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Noel Ambriz v. Matthew Cate


May 9, 2013



Petitioner is proceeding pro se with a petition for writ of habeas corpus pursuant to 28 U.S.C. § 2254. Pursuant to 28 U.S.C. § 636(c)(1), the parties have consented to the jurisdiction of the United States magistrate judge. Local Rule 305(b).


Following a jury trial in the Tulare County Superior Court, Petitioner and two co-defendants were convicted of shooting at an inhabited dwelling, shooting from a motor vehicle at a person, receiving stolen property, and eight counts of assault with a firearm. It was also found true that the crimes were committed for the benefit of a criminal street gang.

Petitioner filed a timely notice of appeal. On April 6, 2012, the California Court of Appeal, Fifth Appellate District affirmed the judgment in a reasoned decision.

On May 2, 2012, Petitioner filed a petition for review in the California Supreme Court. The petition was summarily denied on June 27, 2012.

Petitioner filed the instant federal petition for writ of habeas corpus on September 24, 2012.

Respondent filed an answer to the petition on January 8, 2013. Petitioner did not file a traverse.


Around 4:00 p.m. on June 23, 2008, the Valdovinos family was startled by six gunshots fired at their home located on North Smith Road. When the shots were fired, Raquel was in the kitchen cooking with her husband Jose and her son Jesus. Raquel's daughter, Maria was in the living room breastfeeding her baby; Maria and her four children were visiting. Maria's daughter was inside watching television and her sons were outside in the backyard. Maria's brothers, Max and Juan Carlos, also were in the backyard. Jesus's girlfriend, Salina E., was resting in the garage, which had been converted into living quarters for Jesus and her.

The first three or four shots were in close succession; after a pause, more shots were fired. One of the shots hit the garage door and another shot hit near the cooler inside the garage next to where Salina E. was standing. The bullets that penetrated the garage made the mirror on the wall wobble.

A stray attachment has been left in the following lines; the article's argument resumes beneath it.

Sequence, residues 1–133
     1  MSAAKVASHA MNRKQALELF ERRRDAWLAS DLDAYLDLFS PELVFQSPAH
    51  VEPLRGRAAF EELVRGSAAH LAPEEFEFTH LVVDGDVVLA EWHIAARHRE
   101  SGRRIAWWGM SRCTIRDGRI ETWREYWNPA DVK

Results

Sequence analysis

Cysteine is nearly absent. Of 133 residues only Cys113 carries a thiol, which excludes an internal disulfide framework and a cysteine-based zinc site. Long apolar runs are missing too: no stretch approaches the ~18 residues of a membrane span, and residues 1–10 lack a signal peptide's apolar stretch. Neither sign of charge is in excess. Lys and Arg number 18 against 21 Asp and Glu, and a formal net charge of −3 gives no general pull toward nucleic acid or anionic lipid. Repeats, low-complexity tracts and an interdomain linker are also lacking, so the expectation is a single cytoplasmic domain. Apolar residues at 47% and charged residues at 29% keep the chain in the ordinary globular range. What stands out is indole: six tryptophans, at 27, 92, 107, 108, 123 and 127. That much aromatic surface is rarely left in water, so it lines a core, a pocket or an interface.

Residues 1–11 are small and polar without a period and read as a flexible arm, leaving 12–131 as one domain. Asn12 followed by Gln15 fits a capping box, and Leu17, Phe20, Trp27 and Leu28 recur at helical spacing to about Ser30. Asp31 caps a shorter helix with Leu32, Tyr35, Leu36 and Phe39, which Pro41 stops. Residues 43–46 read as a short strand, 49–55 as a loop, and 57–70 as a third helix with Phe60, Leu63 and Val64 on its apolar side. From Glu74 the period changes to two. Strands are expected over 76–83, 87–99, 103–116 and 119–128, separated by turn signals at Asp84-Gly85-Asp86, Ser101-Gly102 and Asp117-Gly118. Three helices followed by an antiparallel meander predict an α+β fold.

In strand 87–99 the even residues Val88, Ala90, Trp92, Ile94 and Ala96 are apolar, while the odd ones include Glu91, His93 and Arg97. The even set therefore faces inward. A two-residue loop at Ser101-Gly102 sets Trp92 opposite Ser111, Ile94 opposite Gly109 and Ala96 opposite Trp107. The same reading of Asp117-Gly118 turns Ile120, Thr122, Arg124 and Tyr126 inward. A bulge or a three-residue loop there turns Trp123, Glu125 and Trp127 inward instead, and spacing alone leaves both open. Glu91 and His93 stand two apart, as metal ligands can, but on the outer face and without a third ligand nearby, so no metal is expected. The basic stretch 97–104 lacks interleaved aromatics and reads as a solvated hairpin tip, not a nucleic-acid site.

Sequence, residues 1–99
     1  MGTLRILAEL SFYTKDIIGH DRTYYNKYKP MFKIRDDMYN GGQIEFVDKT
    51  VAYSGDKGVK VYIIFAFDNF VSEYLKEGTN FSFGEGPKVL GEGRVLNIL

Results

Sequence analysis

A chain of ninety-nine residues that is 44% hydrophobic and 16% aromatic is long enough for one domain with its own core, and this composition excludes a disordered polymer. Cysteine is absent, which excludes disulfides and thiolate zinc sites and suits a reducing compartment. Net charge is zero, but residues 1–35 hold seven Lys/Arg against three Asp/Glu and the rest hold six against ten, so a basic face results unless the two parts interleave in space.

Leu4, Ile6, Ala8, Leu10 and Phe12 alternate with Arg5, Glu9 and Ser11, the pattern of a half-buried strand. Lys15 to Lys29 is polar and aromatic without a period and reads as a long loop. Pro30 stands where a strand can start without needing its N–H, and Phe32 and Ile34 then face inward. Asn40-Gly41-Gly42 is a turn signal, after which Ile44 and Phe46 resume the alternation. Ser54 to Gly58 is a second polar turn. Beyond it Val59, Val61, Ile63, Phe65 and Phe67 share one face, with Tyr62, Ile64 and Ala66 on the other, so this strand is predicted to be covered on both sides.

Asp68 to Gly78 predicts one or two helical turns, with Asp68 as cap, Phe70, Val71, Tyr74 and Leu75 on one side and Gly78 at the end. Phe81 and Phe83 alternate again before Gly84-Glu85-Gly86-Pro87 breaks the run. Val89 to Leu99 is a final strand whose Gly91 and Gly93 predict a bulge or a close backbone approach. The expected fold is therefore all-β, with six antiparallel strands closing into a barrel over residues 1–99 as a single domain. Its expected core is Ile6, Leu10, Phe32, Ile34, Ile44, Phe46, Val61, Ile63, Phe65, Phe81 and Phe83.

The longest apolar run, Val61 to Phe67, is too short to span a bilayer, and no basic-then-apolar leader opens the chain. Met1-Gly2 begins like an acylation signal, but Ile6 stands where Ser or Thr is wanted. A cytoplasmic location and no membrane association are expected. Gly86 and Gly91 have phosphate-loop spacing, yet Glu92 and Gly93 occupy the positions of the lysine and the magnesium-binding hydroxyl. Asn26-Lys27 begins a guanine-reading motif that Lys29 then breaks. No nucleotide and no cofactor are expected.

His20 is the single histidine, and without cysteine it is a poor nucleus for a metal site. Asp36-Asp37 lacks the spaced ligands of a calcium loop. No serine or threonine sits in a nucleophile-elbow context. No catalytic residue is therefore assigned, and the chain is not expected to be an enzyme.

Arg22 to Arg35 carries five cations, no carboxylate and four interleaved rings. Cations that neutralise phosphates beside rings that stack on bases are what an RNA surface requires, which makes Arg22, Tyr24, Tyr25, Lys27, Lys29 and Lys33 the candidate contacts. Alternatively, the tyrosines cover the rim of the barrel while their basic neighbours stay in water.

Immediately upon hearing the shots, Juan Carlos ran to the chainlink fence on the north side of the property and saw a red car heading east on Olive Avenue at a high rate of speed. When Maria heard the shots, she stood up and, while holding her baby, she opened the front door. There was smoke in the air just outside the front door. Maria gathered her children and the entire Valdovinos family went outside to the front of the house, where they shortly were met by police officers.

Maria had parked her minivan directly in front of the Valdovinos house. After the shots were fired, she discovered a bullet hole in the back of her minivan. Juan Carlos's Camaro, also parked in the front of the house, had a bullet hole in it. There was a bullet hole in the garage and gunshot marks on the house. Several other vehicles were parked in front of the house.

At about the same time, Tulare County Sheriff's Detective Jess Cox was conducting an interview at a nearby house on North Newman Road. After Cox finished the interview, he was walking back to his car when he heard six gunshots coming from a northwest direction. As he was getting into his car, Sheriff's Deputy Javier Guerrero pulled alongside Cox in a marked patrol vehicle. Cox told Guerrero about the gunshots; Guerrero told Cox he had just seen a vehicle, which he identified in his report as a red, four-door Honda Accord, leaving the area where shots had been fired.